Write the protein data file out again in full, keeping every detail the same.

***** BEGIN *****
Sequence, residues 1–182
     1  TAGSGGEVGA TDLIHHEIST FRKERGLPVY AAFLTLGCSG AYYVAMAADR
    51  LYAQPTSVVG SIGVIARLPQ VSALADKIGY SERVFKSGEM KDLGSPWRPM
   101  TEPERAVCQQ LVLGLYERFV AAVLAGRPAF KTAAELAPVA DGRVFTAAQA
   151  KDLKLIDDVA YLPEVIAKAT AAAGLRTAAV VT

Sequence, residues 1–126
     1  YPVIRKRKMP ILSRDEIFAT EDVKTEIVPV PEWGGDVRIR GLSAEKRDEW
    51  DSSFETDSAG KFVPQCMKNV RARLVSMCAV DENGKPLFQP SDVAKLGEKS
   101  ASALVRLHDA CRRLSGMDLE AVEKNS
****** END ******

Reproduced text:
Sequence, residues 1–182
     1  TAGSGGEVGA TDLIHHEIST FRKERGLPVY AAFLTLGCSG AYYVAMAADR
    51  LYAQPTSVVG SIGVIARLPQ VSALADKIGY SERVFKSGEM KDLGSPWRPM
   101  TEPERAVCQQ LVLGLYERFV AAVLAGRPAF KTAAELAPVA DGRVFTAAQA
   151  KDLKLIDDVA YLPEVIAKAT AAAGLRTAAV VT

Sequence, residues 1–126
     1  YPVIRKRKMP ILSRDEIFAT EDVKTEIVPV PEWGGDVRIR GLSAEKRDEW
    51  DSSFETDSAG KFVPQCMKNV RARLVSMCAV DENGKPLFQP SDVAKLGEKS
   101  ASALVRLHDA CRRLSGMDLE AVEKNS